This Response was prepared after researching publicly accessible information currently available to the Research Directorate within time constraints. This Response is not, and does not purport to be, conclusive as to the merit of any particular claim to refugee status or asylum. Please find below the list of additional sources consulted in researching this Information Request.


Belorusskaya Delovaya Gazeta [Minsk]. 17 September 1999. No. 57. Veronika Cherkasova. "Blue on the Grey." (in Forum Lambda) http://www.irex.minsk.by/~gayforum/English/articles.htm [Accessed 31 July 2000]

Forum Lambda [Minsk]. 20 April 1999. "Belarusian Gays Hold First Ever Public Proteset." http://www.irex.minsk.by/~gayforum/English/Extract1-20000409.htm [Accessed 31 July 2000]

International Lesbian and Gay Association (ILGA). July 1998. The Status of Sexual Minorities in Belarus. http://www.ilga.org/Information/Europe/status_of_sexual_minorities_in_b.htm [Accessed 31 July 2000]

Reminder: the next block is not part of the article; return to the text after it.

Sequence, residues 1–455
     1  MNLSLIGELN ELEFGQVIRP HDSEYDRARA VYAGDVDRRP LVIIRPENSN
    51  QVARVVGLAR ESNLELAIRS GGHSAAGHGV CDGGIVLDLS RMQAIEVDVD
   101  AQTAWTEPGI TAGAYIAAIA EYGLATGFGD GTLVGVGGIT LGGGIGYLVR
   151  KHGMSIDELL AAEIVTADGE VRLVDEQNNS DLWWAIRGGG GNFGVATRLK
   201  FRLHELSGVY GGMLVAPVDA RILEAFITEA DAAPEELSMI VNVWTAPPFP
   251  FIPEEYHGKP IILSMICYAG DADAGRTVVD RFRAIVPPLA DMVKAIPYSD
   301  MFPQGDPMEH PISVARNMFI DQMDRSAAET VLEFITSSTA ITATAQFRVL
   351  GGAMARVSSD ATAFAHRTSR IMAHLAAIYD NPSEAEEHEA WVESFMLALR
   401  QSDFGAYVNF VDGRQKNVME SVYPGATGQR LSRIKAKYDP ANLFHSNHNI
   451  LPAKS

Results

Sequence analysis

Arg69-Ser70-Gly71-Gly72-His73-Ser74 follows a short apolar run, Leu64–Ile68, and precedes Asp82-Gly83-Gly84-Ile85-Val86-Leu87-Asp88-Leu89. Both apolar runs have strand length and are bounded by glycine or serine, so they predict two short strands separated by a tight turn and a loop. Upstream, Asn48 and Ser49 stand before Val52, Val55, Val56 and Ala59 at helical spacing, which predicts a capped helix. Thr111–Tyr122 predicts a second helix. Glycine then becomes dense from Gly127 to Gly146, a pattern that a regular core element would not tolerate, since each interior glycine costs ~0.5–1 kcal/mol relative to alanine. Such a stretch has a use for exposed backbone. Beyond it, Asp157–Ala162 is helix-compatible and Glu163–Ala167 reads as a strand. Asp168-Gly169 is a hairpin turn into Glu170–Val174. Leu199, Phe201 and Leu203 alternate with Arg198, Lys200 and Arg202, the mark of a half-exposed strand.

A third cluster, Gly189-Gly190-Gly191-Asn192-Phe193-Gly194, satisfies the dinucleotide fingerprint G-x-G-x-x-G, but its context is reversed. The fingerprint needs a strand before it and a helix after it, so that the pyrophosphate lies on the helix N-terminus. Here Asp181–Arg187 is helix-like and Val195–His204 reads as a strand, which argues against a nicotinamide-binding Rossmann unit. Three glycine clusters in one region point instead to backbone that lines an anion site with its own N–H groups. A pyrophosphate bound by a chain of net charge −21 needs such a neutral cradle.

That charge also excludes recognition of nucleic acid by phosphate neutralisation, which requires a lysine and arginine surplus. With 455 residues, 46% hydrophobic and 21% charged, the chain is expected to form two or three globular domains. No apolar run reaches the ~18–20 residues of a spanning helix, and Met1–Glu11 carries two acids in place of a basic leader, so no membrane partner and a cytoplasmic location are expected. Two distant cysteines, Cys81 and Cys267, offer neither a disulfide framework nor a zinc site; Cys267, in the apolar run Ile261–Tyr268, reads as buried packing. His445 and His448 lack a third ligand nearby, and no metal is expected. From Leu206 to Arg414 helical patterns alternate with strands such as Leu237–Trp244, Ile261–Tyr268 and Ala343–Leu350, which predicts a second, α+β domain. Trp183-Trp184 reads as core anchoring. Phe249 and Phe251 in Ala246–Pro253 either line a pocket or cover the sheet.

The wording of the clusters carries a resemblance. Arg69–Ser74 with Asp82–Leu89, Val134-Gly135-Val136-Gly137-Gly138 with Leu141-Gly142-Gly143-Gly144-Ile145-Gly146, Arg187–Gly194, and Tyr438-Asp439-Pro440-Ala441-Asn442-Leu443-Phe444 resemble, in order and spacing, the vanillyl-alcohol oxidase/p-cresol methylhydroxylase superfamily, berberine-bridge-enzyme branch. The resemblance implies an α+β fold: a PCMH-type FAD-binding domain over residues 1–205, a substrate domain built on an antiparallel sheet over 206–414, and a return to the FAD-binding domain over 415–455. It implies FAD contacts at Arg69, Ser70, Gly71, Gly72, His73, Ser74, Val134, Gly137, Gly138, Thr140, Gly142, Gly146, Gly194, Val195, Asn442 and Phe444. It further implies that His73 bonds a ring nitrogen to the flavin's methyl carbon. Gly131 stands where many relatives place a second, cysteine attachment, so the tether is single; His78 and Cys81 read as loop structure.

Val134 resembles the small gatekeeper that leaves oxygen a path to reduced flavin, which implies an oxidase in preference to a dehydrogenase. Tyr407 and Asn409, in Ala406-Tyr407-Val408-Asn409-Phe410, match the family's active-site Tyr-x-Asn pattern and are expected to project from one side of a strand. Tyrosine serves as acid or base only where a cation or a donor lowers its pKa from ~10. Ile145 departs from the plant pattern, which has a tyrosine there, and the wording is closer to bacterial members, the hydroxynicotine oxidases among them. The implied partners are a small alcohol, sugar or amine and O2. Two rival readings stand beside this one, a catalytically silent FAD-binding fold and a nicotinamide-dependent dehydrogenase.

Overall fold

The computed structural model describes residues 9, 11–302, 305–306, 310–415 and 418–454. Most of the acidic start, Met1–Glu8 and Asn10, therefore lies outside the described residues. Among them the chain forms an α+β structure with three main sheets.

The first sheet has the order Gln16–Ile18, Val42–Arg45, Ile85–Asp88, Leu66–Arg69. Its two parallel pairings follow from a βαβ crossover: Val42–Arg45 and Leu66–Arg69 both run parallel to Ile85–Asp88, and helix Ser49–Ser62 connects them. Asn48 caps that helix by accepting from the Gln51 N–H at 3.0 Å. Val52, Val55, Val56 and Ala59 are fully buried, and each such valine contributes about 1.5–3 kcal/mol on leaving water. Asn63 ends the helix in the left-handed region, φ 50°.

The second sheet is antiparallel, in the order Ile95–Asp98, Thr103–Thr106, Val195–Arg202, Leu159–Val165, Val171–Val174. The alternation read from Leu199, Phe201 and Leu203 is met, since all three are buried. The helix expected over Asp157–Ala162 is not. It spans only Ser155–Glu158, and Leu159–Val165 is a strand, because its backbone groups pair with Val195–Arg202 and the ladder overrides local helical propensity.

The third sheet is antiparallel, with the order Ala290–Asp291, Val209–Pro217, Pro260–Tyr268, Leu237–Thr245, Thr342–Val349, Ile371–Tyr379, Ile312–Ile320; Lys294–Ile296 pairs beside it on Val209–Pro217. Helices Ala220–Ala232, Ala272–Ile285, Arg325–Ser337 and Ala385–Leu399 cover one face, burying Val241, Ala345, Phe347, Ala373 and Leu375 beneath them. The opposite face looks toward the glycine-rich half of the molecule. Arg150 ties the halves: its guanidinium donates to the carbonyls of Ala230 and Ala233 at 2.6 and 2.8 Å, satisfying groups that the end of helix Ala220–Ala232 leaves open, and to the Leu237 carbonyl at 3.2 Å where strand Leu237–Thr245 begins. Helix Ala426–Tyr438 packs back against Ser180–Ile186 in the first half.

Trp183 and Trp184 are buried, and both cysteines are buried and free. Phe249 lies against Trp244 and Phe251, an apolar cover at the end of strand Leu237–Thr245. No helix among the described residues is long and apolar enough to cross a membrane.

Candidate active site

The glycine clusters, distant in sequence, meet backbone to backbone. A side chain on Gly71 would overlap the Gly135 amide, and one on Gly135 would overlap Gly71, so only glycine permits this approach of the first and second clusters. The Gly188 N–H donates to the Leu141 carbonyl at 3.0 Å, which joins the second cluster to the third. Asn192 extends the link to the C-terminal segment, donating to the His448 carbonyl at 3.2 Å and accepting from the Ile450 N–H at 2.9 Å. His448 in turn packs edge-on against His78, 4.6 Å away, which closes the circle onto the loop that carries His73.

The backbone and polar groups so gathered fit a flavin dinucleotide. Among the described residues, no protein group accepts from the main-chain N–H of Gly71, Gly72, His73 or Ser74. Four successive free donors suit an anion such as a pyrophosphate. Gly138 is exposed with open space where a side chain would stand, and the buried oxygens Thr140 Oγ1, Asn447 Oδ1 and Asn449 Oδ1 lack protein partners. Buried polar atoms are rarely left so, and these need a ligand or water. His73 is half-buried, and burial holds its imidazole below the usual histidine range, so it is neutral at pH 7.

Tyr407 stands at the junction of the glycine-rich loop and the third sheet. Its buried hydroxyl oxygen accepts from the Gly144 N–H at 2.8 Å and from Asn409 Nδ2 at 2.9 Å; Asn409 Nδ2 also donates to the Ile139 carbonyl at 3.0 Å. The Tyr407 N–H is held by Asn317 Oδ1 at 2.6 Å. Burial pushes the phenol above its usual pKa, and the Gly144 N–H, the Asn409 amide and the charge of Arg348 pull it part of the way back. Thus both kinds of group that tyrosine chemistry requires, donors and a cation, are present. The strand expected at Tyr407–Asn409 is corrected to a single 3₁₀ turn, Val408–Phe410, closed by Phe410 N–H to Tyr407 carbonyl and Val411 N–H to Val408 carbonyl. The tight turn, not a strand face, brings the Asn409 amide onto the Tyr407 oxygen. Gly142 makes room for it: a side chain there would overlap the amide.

Radio 101,2 [Minsk, in Belarusian]. 19 April 1999. "Belarusian Homosexuals Protest Against Official Discrimination." (BBC Summary 20 Apr. 1999/NEXIS)

Additional Sources Consulted

IRB databases

Internet sources including:

Country Reports 1999

East European Gay Links

The Eastgarden. Belarus

The International Gay and Lesbian Human Rights Commission (IGLHRC). World Watch. East Europe and Commonwealth of Independent States

International Lesbian and Gay Association (ILGA). World Legal Survey.

____. Euroletter. June 1999-June 2000.

Radio Free Europe/Radio Liberty (RFE/RL)

World News Connection (WNC)